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Herald and Review
| Decatur, Illinois | July 10, 1999
Loch Ness Monster lures
Coleman will be keynote speaker at Scotland conference on 'beast'
By Tony Reid
H&R Staff Writer
DECATUR -- A monster hunter raised in Central Illinois is off in pursuit of the most
famous creature of all -- the Loch Ness Monster.
Loren Coleman first became fascinated with the Scottish legend while he was a boy
growing up 4,000 miles away in Decatur, eagerly devouring stories of the mysterious
beast lurking in the 1,000-foot-deep loch.
"The Loch Ness Monster is one of the big three for cryptozoologists," said
Coleman, 51. "The other two are Yeti and our own Big Foot."
Cryptozoology is the study of "hidden animals" rumored to exist but for
which there is no hard evidence. Coleman will cruise the loch's murky waters to "experience
the unique atmosphere of the place," but doesn't expect he will actually bump
into "Nessie," the Scottish pet name for the monster.
What he is looking forward to most is the chance to swap notes and compare stories
with other monster hunters from all over the world. Today, Coleman will be the keynote
speaker at a conference in the Drumnadrochit Hotel on the loch shore.
"This is the first conference of Loch Ness Monster researchers since 1987,"
said Coleman, a MacArthur High School graduate. "In the last 12 years the monster
has been seen and photographed by several credible witnesses."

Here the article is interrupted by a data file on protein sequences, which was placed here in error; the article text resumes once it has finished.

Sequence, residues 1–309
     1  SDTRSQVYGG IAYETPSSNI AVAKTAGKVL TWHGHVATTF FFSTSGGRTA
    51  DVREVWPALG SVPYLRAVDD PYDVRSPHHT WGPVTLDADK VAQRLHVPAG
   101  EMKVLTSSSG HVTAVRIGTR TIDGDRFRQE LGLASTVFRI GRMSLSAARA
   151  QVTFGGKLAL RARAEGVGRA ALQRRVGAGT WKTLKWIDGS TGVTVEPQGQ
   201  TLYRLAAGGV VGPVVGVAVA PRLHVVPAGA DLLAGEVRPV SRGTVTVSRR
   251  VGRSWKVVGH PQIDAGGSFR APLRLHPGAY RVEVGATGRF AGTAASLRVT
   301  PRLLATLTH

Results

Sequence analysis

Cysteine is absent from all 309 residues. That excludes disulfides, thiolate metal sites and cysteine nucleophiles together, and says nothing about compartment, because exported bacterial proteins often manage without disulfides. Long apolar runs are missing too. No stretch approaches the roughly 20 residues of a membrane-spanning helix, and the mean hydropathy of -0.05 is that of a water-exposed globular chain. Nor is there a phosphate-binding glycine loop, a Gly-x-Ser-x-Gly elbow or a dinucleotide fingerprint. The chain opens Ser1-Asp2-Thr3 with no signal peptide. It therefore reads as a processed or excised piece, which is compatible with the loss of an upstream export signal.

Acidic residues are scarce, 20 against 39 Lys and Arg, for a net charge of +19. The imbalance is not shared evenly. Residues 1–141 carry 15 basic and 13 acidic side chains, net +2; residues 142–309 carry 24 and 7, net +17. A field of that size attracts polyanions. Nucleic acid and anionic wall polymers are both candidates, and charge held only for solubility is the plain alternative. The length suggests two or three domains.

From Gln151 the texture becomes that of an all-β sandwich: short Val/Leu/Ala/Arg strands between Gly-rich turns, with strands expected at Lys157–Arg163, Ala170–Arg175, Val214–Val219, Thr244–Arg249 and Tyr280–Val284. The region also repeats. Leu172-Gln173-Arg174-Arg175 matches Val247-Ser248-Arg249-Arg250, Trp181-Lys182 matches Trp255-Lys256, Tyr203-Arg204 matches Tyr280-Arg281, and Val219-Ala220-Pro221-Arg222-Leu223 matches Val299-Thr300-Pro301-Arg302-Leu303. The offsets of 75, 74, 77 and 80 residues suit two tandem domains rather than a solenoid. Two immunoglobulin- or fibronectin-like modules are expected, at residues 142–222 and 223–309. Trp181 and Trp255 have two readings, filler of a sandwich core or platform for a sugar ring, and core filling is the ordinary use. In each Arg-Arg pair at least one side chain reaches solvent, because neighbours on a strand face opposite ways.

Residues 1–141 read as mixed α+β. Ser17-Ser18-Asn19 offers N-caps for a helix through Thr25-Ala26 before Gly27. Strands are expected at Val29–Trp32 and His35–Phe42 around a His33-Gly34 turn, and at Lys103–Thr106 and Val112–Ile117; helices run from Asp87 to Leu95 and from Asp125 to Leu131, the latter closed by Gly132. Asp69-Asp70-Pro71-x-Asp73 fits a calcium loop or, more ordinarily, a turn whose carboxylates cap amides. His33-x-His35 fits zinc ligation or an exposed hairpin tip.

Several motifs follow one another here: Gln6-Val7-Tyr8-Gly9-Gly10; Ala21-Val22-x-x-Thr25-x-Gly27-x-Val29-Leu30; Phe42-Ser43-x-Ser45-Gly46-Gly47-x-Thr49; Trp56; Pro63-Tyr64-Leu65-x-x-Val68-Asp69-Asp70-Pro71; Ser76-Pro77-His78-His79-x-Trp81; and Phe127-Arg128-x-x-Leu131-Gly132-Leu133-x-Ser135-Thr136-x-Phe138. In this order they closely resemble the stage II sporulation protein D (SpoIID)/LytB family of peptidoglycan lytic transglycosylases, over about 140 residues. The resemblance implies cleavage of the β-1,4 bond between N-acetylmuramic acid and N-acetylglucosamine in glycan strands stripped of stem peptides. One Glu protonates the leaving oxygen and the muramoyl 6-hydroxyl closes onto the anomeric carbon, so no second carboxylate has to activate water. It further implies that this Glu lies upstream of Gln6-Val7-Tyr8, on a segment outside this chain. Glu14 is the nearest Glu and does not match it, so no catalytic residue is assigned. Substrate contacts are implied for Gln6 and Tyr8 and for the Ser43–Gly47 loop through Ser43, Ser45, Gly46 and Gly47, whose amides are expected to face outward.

Coleman, who now teaches documentary film at the University of Southern Maine and
sociology at St. Joseph's College in Portland, believes it is only a matter of time
before solid evidence of the monster's existence emerges.
"The PBS program 'Nova' were there last year and they got a sonar reading of
a large animal underneath the water moving very rapidly," said Coleman. "No
scientist could explain it."
Professor Terry Matthews, 57, chairman of the biology department at Millikin University,
says every scientist must keep an open mind. "But the likelihood of a Loch Ness
Monster is very, very small," he said.
The professor torpedoes Nessie by pointing out that, as Scottish monster sightings
date back 1,000 years, there would have to be a breeding population living in the
loch. He said predictions might call for 50 or 100 creatures to keep the species
alive. "Even 10 would be a lot of monsters," he adds. "So why don't
we see them all the time?"
The professor also says studies indicate there isn't enough food in the loch to sustain
monster appetites and wonders why, if they do exist, we haven't found a body or bones?
His arguments, however, can't sink the enthusiasm of cryptozoologists, who will be
snapping up copies of Coleman's new book, "Cryptozoology A-Z", which debuts
at the Scottish conference.
The book chronicles all the world's fabled beasts and Decatur gets several mentions
-- our countryside is said to be prowled by panther-sized big cats and "Napes,"
a chimpanzee-like ape. Eye on the Internet
Want to spot the Loch Ness Monster without leaving your armchair? Go to www.lochness.scotland.net
for a 24-hour video camera view of the loch.